Facebook is now rating users on how trustworthy they are in identifying and reporting real and false news.
The ratings system was first reported by The Washington Post. A Post reporter interviewed Facebook product manager Tessa Lyons, who leads the company’s efforts to fight misinformation.
Lyons told the newspaper the system was developed and put into place over the past year.
In January, Facebook announced a similar system to produce ratings for the trustworthiness of news sources. At that time, Facebook founder Mark Zuckerberg said those ratings would be based on information provided by Facebook users.
Zuckerberg said news sources receiving higher trustworthy ratings from the community would be prioritized in the social media service’s News Feed.
The new ratings system is designed to predict how effective a user is at identifying and reporting false news stories. Every user is given a rating between zero and one, the Post reports.
Lyons told the newspaper such a system is necessary because some users are incorrectly reporting whether a story is true or false.
It’s “not uncommon for people to tell us something is false simply because they disagree with the premise of a story or they’re intentionally trying to target a particular publisher,” Lyons said.
As an example, she said a user’s trustworthiness rating would go up if they previously reported a news story as false, and the story was later confirmed as false by an independent fact checker.
In addition to information from users, Facebook uses machine learning systems to choose stories to be checked for truthfulness. The company has a partnership with several major news and fact-checking organizations that examine news stories reported as possibly being false.
Lyons noted that the numbered rating is not the single measure Facebook uses to judge a user’s overall trustworthiness. She said the company also uses other “signals” to rate users, but did not provide further details.
Efforts to fight misinformation
In addition to taking steps to fight misinformation, Facebook has also sought to limit efforts by foreign organizations to influence the U.S. political process. Facebook previously found evidence that false accounts created in Russia and other nations were used to try to influence American voters in the 2016 election.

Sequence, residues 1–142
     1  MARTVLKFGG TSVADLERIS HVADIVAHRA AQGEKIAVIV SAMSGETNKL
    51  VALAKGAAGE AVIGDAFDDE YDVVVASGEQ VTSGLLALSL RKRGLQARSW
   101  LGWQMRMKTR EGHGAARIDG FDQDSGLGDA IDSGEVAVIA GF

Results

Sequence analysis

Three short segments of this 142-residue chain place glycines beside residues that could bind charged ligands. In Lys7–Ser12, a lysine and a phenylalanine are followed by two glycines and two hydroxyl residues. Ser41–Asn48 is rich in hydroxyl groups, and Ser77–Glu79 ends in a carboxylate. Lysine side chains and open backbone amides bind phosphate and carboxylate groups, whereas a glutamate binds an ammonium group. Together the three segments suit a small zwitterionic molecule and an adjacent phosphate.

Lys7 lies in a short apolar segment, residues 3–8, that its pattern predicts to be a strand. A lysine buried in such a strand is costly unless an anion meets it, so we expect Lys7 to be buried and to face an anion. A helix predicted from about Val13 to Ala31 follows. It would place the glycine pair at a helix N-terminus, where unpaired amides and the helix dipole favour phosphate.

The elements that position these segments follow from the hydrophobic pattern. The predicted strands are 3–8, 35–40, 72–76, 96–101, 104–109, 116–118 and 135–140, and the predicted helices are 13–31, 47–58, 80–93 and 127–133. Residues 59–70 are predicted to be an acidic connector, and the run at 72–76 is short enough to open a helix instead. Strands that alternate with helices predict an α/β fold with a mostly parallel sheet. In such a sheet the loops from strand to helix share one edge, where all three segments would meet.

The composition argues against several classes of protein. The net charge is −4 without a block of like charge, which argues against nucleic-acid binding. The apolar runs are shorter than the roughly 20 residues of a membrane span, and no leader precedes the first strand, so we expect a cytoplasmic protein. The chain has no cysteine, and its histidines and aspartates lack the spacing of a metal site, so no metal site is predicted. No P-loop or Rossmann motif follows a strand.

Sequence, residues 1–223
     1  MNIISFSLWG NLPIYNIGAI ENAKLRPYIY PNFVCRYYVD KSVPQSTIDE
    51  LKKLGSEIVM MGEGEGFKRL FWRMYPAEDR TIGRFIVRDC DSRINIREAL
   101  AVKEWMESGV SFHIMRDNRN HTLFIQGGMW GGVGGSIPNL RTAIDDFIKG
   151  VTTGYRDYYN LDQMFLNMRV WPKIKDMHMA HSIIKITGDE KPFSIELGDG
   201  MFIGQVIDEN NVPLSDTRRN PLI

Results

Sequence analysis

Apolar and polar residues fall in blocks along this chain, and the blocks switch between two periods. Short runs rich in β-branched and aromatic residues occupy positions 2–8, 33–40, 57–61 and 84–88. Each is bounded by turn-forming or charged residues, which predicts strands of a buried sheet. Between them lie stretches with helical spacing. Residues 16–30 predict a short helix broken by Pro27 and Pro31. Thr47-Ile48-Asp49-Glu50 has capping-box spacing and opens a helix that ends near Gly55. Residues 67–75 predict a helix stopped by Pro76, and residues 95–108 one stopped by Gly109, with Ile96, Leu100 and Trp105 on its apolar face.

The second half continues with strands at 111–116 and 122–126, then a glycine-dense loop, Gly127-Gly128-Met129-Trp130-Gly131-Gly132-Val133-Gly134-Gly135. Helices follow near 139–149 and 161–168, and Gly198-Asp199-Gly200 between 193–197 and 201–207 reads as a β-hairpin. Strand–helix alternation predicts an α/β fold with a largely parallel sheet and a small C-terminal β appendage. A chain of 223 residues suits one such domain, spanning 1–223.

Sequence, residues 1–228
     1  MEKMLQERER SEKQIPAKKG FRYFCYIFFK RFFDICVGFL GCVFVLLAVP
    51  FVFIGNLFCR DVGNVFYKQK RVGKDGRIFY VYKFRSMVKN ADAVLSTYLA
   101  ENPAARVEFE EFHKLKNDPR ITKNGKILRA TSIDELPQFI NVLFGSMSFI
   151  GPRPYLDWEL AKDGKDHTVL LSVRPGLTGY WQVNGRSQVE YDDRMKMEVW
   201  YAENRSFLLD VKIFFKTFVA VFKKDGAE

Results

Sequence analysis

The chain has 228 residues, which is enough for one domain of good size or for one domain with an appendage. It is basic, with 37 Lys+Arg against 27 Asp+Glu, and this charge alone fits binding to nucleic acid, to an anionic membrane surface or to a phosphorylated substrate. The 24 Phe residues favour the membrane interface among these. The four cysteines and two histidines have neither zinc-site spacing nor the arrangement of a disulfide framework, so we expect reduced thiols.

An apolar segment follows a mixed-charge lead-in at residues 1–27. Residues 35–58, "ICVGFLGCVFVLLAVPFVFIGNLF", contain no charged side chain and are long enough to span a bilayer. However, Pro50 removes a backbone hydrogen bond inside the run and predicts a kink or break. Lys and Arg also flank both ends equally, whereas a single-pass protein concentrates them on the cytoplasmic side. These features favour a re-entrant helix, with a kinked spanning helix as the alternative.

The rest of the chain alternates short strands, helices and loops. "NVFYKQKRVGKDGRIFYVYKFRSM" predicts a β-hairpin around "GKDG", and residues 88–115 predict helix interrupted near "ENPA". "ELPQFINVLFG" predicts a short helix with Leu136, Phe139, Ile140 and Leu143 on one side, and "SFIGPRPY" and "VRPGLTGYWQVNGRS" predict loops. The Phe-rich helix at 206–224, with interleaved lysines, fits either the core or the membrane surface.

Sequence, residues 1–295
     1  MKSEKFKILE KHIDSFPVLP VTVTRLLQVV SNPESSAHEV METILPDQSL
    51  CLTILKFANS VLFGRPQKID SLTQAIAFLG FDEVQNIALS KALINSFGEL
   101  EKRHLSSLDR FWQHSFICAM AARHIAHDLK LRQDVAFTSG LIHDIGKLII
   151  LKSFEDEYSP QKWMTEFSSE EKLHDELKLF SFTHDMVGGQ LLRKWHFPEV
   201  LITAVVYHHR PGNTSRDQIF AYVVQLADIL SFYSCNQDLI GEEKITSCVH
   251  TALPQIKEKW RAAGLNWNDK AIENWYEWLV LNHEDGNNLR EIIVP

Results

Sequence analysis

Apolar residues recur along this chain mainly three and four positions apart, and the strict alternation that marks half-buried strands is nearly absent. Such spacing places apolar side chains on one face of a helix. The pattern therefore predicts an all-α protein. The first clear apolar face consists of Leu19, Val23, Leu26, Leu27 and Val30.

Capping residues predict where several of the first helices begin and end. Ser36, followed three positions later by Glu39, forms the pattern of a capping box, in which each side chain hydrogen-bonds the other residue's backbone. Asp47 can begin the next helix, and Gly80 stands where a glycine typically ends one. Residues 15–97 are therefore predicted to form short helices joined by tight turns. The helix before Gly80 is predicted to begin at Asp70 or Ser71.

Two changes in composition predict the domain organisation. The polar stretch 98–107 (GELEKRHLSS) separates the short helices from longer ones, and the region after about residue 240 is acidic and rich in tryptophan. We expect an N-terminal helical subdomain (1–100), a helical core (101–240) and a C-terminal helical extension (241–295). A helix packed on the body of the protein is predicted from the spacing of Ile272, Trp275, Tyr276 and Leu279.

On Tuesday, Facebook said it had identified and removed hundreds of accounts linked to Russia and Iran. It said the accounts were part of separate disinformation campaigns on Facebook.
In announcing the findings, Facebook chief Zuckerberg said there was still a lot the company does not know about the operations. However, he described the campaigns as “sophisticated” and well-financed efforts that are likely to continue.
“You’re going to see people try to abuse the services in every way possible... including now nation states,” Zuckerberg said.
Spokesmen for both Iran and Russia denied any state involvement in the activities described by Facebook.
This week, American software maker Microsoft reported it had taken control of several websites created by hackers linked to Russia’s government. The company said the websites were made to look like they belonged to the U.S. Senate and conservative research groups. But they were actually false websites created in an effort to gather personal details of users.
Microsoft warned the hacking incidents were further evidence that Russia is expanding its attacks before U.S. congressional elections in November.
I’m Bryan Lynn.
Bryan Lynn wrote this story for VOA Learning English, based on reports from the Associated Press, Reuters and other sources. Hai Do was the editor.
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Words in This Story
prioritize – n. place higher in importance above other things
premise – n. an idea used to support another theory or position
intentionally – adj. on purpose
account – n. an arrangement in which a person uses internet or service of a particular company
sophisticated – adj. a well-organized, advanced way of operating
hacker – n. person who secretly gets access to a computer system in order to get information, cause damage, etc.